With the rising interest in more compact, cost-effective and efficient devices, photonic technology is gaining ground over traditional electronic devices. In this scope, great efforts are made in order to find the most suitable materials and geometries.
In the search for materials with great electric conductivity, metals are the option of choice; they are highly reflective, the reason for which they are mainly used as flat mirrors. Nevertheless, recent studies have shown, that metallic photonic devices with periodic structures show enhanced reflective characteristics, opening a new window for more applications besides their use as mirrors.
Apart from the enhanced reflectivity of these types of devices, the use of metal materials for nonlinear frequency conversion studies is an emerging topic. This may be motivated by the parallel development of photonic crystals and the emerging fields of plasmonics and dielectric metasurfaces. Metals can dramatically enhance the efficiency of optical phenomena at the surface of the sample, contributing to the obtention of important insights of surface properties.
Current research is performed towards a better understanding of the basic physical properties of metal nanostructures, with a special focus on the analysis of Second Harmonic and Third Harmonic phenomena at the subwavelength scale.
Dr Trull and Dr Conjocaru Achieve The Enhancement of Second Harmonic Signals in Three Orders of Magnitude
At Universitat Politecnica de Catalunya, a theoretical and experimental study on the enhancement of Second and Third Harmonic signals with gold nanogratings has been carried out, showing outstanding results that contribute to the development of nonlinear optics of metals at the nanoscale.
In their study, they make use of a theoretical model to explain how light interacts with matter and the production of harmonic generation at the extremely short pulse regime. Their theory uses the hydrodynamics model by electron gas pressure to explain free electrons behaviour, and Lorenz oscillators to model the dynamics of bound charges, accounting for linear and nonlinear effects simultaneously.
They used a home-built gold nanograting made up of a Si O2 substrate and a gold layer with nanogrooves etched on the surface and they performed both linear and nonlinear optical characterization of the metallic devices.
Iceblink Supercontinuum Laser for Linear Characterization of Gold Nanogratings
The spectral response of the nanograting was measured by a system comprising the Iceblink supercontinuum laser and a high-resolution spectrometer.
In previous chapters, we have discussed the use of White light sources for the optical characterization of devices (https://fyla.com/supercontinuum-laser-and-microscopy-as-a-tool-for-optical-characterization-of-devices).
In this particular experiment, the spectrum of the reflected light emitted by the sample was studied as a function of the incident angle. Linear optical characterization of the reflected light was needed to find the resonance wavelengths and the diffraction orders (angles of incidence at which SH and TH signals are enhanced) for the subsequent Nonlinear conversion efficiency measurements.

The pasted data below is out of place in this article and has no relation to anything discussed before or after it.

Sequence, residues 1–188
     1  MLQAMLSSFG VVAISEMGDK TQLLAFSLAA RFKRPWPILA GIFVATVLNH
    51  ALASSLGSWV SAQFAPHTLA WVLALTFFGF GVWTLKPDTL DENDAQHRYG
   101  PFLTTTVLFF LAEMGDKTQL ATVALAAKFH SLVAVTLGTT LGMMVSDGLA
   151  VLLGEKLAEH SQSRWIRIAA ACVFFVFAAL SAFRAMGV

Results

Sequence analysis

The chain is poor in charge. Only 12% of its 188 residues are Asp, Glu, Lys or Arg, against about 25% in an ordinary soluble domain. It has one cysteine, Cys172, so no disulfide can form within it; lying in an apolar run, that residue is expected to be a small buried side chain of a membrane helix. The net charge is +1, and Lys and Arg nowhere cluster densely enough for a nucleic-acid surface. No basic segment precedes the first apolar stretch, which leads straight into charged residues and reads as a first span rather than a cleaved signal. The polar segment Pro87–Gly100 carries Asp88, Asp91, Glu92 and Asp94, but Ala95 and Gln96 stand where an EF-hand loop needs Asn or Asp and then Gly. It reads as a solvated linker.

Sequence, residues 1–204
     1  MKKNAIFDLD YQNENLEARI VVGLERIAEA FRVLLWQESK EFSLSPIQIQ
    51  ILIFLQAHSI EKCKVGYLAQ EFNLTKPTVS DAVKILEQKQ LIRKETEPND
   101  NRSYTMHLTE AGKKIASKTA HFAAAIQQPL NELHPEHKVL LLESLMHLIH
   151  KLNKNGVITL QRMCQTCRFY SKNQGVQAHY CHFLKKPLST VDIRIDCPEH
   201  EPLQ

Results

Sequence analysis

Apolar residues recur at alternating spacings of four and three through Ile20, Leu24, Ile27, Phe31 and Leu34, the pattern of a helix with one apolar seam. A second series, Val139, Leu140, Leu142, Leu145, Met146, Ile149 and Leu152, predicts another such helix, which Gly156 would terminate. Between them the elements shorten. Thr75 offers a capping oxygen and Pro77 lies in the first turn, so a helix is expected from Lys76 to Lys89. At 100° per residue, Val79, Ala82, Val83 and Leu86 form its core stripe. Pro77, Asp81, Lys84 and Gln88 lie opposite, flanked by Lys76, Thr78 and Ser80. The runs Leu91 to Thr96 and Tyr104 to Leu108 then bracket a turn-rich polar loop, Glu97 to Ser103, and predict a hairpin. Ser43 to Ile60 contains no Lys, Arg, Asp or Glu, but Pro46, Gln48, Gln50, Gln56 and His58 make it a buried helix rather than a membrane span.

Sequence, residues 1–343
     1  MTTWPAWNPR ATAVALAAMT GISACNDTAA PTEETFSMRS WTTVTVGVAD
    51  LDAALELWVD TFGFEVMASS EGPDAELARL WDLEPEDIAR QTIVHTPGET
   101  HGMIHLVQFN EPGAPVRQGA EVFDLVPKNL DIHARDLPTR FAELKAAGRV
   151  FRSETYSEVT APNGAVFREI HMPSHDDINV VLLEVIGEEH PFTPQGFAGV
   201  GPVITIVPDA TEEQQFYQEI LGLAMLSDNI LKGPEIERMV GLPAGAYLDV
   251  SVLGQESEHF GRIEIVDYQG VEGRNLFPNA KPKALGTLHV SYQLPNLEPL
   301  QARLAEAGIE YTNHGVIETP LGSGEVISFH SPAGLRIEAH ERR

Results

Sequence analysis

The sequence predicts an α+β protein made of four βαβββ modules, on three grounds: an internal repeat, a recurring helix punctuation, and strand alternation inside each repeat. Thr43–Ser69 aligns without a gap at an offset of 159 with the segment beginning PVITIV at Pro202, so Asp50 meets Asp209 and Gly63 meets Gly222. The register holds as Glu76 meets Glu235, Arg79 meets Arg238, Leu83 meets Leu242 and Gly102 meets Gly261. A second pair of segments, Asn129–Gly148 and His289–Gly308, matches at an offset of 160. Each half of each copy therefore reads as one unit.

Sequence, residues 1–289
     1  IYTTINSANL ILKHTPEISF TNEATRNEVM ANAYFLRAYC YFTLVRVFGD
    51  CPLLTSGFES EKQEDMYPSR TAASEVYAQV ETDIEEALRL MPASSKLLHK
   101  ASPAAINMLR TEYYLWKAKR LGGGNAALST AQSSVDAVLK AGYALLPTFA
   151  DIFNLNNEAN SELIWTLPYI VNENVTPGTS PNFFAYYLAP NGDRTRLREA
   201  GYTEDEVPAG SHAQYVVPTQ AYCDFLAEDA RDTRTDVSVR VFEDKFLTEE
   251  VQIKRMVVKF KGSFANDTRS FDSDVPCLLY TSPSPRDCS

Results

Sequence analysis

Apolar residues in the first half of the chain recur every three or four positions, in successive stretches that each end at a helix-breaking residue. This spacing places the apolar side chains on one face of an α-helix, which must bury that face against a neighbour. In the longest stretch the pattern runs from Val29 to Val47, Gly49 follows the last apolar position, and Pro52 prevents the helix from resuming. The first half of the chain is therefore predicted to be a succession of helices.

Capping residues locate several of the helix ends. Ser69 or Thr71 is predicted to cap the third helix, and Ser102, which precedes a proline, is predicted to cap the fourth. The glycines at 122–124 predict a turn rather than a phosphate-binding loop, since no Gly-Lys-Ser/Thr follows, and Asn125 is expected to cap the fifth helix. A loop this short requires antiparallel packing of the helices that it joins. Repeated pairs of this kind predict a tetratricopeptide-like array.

Nonlinear conversion efficiency takes the greatest value when the incident light reaches the surface at a certain angle (or diffraction order) leading to a specific resonance wavelength.
What the Iceblink brings into the table is the possibility of studying the reflection properties of a material at multiple wavelengths:
- The broad spectrum (450 to 2300 nm) allows for studying of the reflectivity of the nanogratings in the whole VIS to NIR range, optimizing the finding of the resonance wavelengths for the nonlinear optical characterization.
- The pulse width of the laser, with <10 ps at FWHM, allows for the measurement of ultrafast dynamic changes in the surface of the material.
- Total power of >3W avoids damaging of the sample and allows for optical characterization measurements.
Nonlinear Frequency Conversion Study -SH and TH Efficiency Enhancement
The SH and TH signals were studied at 800, 1000 and 1100 nm, which corresponded to the resonance wavelengths for the gold nanograting used in this study. Firgure 1 shows the experimental setup that was implemented.
Two different Ti:Sapphire lasers emitting in the fs range, at the resonance wavelengths were used as excitation sources. The collimating lens focused the incident and the emitted light at the sample and the detector. Long pass filters avoid residual light from other parts of the setup reaching the sample and the appropriate filter sets were used to ensure that the fundamental and second harmonic signal would reach the detector. A Wollaston polarizer separated the light into the polarization constituents (TM and TE) and the detectors consisted of two Photomultiplier Tubes.
The efficiency of the SH and TH signals was estimated as a ratio between the energy of nonlinear signal with the energy of the fundamental incident beam. Results showed a great enhancement of the nonlinear spectral conversion: three orders of magnitude for Second Harmonic signal and a factor of 3200 for Third Harmonic signal.